JIS News

Story Highlights

  • The Government is undertaking several programmes aimed at improving the welfare of the nation’s children
  • Correctional Services is ending the practise of “lockdowns” for children in juvenile correctional centres

The Government, through the Ministry of Youth and Culture, and the various child care and protection agencies, is undertaking a number of initiatives and programmes aimed at improving the welfare of the nation’s children.

Minister of Youth and Culture, Hon. Lisa Hanna, outlined a number of these actions at Wednesday’s (July 17) Jamaica House press briefing, as she responded to a petition and video posted online by human rights lobby group, Jamaicans for Justice (JFJ), criticising Government’s treatment of juveniles brought before the law.

Calling the petition by the JFJ “factually incorrect, intellectually dishonest and over-sensationalised,” Minister Hanna said it does not take into account the various activities by the administration towards the care and protection of children.

She noted, for example, that while the petition calls for the removal of the designation of ‘uncontrollable child’ from the legislation, as a reason to incarcerate a juvenile, the Government is already amending the law to do away with the practice.

The amendment also removes the option of judges remanding juveniles with behavioural problems to correctional facilities, Ms. Hanna pointed out. She noted also that the Child Care and Protection Act is being revised.

Speaking to a call in the petition for quality legal counsel to be provided for children in court, Minister Hanna emphasised that, “this is now being done by the Office of the Children’s Advocate (OCA)…the resources of the OCA are being increased to improve on its efficiency.”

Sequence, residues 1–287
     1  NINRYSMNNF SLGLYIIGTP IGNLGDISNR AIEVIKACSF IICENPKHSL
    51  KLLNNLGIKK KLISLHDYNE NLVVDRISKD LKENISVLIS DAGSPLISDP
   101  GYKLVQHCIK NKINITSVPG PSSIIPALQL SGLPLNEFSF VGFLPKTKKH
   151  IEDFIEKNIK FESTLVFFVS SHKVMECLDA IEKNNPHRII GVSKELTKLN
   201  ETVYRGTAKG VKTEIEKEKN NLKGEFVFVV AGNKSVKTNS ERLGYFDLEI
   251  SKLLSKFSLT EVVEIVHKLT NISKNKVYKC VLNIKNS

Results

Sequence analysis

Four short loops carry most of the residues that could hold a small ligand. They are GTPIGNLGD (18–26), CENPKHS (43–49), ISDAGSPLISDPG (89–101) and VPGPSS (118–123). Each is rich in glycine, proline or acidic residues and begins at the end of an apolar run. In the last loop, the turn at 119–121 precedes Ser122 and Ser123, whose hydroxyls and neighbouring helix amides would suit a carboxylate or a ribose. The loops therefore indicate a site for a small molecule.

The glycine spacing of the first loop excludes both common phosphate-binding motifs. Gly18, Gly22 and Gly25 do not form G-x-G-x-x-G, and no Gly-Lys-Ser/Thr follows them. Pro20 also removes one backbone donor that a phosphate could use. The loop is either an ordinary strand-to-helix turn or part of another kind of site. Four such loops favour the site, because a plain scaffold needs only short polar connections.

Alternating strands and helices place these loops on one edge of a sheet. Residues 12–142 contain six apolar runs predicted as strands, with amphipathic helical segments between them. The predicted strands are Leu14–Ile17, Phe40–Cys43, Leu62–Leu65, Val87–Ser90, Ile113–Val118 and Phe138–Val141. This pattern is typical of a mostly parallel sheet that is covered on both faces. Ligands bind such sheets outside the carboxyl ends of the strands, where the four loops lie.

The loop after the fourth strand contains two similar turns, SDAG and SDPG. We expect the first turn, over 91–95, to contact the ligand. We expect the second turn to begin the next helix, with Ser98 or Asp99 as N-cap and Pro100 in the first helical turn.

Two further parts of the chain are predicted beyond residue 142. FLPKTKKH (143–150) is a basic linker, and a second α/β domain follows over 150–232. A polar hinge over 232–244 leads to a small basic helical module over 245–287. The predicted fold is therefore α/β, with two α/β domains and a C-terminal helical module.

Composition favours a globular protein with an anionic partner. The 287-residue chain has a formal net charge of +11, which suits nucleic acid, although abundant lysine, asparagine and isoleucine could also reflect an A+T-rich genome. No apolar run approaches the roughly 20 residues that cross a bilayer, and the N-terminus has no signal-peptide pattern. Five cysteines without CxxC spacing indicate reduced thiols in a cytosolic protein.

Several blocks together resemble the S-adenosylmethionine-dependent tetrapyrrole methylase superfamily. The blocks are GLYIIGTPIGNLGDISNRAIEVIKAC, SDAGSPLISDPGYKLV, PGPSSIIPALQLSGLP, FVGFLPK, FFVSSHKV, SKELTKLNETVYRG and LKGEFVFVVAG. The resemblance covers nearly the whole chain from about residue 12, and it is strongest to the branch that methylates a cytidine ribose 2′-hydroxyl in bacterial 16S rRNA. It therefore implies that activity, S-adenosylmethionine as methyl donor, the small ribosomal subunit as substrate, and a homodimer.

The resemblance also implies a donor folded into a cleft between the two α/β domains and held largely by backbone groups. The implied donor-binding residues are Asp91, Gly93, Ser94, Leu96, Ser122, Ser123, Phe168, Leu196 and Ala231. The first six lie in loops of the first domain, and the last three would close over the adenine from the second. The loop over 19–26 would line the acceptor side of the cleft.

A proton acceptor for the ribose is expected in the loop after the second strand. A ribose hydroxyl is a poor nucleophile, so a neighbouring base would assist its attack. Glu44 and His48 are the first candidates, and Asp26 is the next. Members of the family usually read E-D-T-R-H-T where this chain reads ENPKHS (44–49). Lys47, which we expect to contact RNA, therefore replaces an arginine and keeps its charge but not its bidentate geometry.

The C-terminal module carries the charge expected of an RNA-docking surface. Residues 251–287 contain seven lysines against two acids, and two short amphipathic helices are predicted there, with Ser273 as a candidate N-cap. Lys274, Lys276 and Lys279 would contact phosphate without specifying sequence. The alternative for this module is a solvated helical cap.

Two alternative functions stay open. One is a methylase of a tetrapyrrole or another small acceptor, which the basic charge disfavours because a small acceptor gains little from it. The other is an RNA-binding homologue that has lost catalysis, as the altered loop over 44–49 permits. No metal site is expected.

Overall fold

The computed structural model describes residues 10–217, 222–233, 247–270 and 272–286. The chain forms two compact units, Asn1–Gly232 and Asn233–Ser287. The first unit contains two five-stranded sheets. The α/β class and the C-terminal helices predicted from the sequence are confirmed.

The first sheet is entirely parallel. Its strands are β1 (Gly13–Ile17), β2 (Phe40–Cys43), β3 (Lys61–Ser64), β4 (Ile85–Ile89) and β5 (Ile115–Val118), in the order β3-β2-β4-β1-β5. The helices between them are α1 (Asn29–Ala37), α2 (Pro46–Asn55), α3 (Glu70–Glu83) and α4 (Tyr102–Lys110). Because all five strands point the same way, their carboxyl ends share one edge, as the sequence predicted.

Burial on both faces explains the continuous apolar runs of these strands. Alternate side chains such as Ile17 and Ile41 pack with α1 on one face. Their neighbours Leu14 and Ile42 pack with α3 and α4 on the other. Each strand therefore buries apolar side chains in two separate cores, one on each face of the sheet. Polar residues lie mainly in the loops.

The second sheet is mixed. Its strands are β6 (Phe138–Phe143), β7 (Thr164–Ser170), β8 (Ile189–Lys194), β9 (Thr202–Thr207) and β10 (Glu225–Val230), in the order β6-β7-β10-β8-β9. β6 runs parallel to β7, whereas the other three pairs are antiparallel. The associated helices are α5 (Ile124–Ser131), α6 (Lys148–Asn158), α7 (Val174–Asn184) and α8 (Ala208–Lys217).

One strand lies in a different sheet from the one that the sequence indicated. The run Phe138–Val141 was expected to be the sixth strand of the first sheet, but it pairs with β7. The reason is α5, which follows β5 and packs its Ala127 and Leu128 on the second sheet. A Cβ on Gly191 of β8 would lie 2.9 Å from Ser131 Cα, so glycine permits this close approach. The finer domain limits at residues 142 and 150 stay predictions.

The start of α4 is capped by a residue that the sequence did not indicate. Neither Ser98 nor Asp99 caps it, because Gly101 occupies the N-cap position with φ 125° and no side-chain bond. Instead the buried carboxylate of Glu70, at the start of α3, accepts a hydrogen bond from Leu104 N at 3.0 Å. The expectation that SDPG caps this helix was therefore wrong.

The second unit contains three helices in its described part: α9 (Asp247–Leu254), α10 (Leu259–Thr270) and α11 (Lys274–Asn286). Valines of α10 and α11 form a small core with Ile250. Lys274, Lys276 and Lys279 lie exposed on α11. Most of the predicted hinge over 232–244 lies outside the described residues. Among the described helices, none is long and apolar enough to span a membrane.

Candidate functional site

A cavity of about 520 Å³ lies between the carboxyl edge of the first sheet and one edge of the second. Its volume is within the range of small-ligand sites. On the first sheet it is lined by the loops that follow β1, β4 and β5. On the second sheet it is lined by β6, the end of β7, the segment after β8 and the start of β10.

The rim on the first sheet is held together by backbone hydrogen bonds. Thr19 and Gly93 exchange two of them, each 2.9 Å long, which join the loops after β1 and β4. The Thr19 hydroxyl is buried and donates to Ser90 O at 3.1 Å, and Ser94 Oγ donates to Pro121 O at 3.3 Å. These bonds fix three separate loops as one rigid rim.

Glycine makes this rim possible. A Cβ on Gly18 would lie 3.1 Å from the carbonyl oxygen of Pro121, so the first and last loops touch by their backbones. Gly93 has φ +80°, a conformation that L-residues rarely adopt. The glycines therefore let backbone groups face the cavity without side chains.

The JFJ’s petition also called for rehabilitative centres to be created, instead of juvenile jails.  Ms. Hanna outlined that the Ministry has, in fact, moved towards more rehabilitative facilities, including spearheading an art therapy programme dubbed, ‘Children for Life’, where children in state care will be provided with therapeutic outlets through music, dance, art, and other creatives.”

Also she said, “educational instruction for children in state care, including those in juvenile correctional centres, is being expanded and improved by the Ministry of Education”.

In the meantime, an advisory council of psychiatrists have been established, and have made their services available to children, particularly those in state care, with mental health challenges.

Minister Hanna also confirmed that proper training is being provided for staff in children’s homes, a matter also highlighted in the petition. On the demand by the JFJ for the recommendations of 2003 Keating Report to be fully implemented, she said the main author of that report has been engaged by the Ministry since 2013, and has, in fact, been leading the implementation of the outstanding recommendations.

The Youth Minister informed also, that the Correctional Services is ending the practise of “lockdowns” for children in juvenile correctional centres.

Additionally, she outlined that her Ministry and other Government and non-governmental partners are planning more parenting workshops to promote proper parenting, while an inter-ministerial working group has been established since September 2012, to spearhead actions to improve the lives of children across the island, particularly those in state care.

The Ministry has also begun work on an updated National Children’s Policy, and a children support task force of volunteers spanning a number of sectors, is supporting the work of the Government to improve the lives of children.

Minister Hanna informed also that the Government has taken the first set of actions to address the issues stemming from the report into the Armadale fire of 2009.

“These positive actions by the Government represent the actions of a Government that takes seriously, its responsibility for the care and protection of the nation’s children,” she stated.

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